When it comes to family law, child custody cases are the most complicated matters. That’s not only because they may involve complex familial relationships where emotions run high, but also because the outcome of a case can have a considerable impact on the lives and futures of those involved—especially children. As such, courts weigh these matters carefully, take the time to address complex issues, and always place a high emphasis on ensuring the case’s resolution is in the best interests of children.
Our Denton and Collin County family law attorneys at Coker, Robb & Cannon, Family Lawyers are passionate about guiding parents—and other eligible parties—through the challenges of child custody and visitation, or “possession and access” as it is called in Texas. Because we know the outcomes produced in these cases have the potential to profoundly impact our clients’ lives and their children’s, we work zealously to evaluate the unique facts at hand and address any challenges they create.
While all child custody cases can be difficult, there are certain circumstances which can make them increasingly complex. Some of these situations include:
- Domestic violence and neglect
- Temporary orders (and violations)
- Dispute and disagreement
Custody cases involving a parent who wants to relocate to another city, state, or country are among the most difficult and contentious cases to handle. These cases generally mean one parent will take the lion’s share of time with their child, and the other will have limited opportunities to be physically involved in their child’s life.
Resolving these cases demands careful evaluation of many factors, including the distance of the parental relocation, as is it the policy of Texas courts to assure children have frequent and continuing contact with parents who act in their best interests. Short moves can present challenges when it comes to a parent’s involvement in day-to-day activities with children. Those challenges are nowhere near as extensive as those involving relocation to cities or states that may be hours away, or even a move to another country! These challenges are often due to Texas courts commonly imposing geographic restrictions—technically on the children’s residence—to keep parents near their children.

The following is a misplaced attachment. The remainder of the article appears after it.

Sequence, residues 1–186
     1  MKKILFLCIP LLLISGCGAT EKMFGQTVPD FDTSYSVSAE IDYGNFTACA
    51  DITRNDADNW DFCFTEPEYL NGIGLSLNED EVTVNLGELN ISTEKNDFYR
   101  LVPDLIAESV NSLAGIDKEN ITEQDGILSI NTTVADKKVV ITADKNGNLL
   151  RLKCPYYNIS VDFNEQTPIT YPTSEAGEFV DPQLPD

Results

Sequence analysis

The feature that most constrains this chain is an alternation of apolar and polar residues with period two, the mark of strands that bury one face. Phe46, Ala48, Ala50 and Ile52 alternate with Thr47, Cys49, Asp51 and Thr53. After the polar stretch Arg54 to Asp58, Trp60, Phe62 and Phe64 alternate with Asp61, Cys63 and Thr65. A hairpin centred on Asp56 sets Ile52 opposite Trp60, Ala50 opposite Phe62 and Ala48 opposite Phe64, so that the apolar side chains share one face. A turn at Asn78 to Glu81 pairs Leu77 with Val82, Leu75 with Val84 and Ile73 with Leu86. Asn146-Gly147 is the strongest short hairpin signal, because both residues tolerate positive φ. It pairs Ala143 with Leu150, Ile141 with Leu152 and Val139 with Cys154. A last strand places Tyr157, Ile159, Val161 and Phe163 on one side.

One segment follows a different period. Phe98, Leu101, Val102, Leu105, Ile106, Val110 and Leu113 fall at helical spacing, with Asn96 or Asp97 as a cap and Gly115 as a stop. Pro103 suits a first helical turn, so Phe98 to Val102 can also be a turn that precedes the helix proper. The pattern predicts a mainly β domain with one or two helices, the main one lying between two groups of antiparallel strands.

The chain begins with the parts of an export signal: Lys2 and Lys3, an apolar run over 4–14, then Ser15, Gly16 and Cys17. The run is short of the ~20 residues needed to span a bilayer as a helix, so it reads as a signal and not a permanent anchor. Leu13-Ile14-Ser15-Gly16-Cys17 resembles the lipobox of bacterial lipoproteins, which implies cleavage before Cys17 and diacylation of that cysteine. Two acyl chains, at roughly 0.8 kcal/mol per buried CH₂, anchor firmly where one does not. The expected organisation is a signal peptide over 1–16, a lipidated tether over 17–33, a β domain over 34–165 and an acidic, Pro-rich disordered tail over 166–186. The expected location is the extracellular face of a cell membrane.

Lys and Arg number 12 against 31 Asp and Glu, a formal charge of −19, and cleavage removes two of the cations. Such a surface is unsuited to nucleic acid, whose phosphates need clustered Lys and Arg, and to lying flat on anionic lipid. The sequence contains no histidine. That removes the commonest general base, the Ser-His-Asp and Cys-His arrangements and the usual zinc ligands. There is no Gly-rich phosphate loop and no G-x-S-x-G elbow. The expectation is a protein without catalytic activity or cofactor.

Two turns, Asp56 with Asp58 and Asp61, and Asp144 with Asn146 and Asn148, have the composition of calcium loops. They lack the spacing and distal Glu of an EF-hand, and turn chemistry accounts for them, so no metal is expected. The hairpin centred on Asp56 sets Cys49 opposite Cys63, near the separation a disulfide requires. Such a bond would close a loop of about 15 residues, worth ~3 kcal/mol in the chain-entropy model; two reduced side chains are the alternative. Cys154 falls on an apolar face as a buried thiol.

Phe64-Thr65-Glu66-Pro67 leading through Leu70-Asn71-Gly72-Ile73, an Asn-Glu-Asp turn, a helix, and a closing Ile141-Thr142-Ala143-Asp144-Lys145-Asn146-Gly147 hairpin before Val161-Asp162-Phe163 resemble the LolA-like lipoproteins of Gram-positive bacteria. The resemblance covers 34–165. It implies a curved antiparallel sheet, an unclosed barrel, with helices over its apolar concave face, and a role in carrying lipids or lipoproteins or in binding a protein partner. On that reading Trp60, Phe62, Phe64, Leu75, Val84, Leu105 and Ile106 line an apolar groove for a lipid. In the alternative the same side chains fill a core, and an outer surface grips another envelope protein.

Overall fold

When seeking relocation outside of a typical geographic restriction (i.e. the same county or a bordering county with a non-primary parent), courts are tasked with considering the disruption a move-away creates between children and their parents. Other considered factors are the available support systems (extended family), whether a parent is regularly exercising visitation rights, currently available job promotion(s), educational opportunities, and whether meaningful access can still be had through special holiday schedules and/or video conferencing, among others.
Because of these factors and the uncertainty of an outcome in the courtroom, it is often preferred that parents work together to devise agreements regarding custody and visitation rights that outline reasonable timesharing when a child relocates.
If the Court is forced to decide whether a child is allowed to move beyond the ordered geographic restriction, the Could can order this to happen on a temporary basis only when there is a showing that the child’s circumstances would significantly impair her physical health or emotional well-being without such move. At a final hearing, there are no such restrictions and the Court may allow the relocation to occur solely when it is slightly more in the child’s best interest than not.
It is crucial to hire legal representation to help avoid a potentially life-changing result, especially in those cases where there is bad faith by one parent to exclude the other from a child’s life or to control the other parent’s life.
Domestic Violence and Neglect
Domestic violence and abuse are always be a top concern for courts considering custody arrangements.
When allegations of abuse, neglect, or violence are made, or when protective orders are issued, courts will pay close attention to whether a proposed or existing custody or visitation schedule presents dangers to children. Parents will need to provide extensive supporting evidence to back their claims, either as alleged victims or the accused, to get the Court as much information as possible to make the appropriate decisions.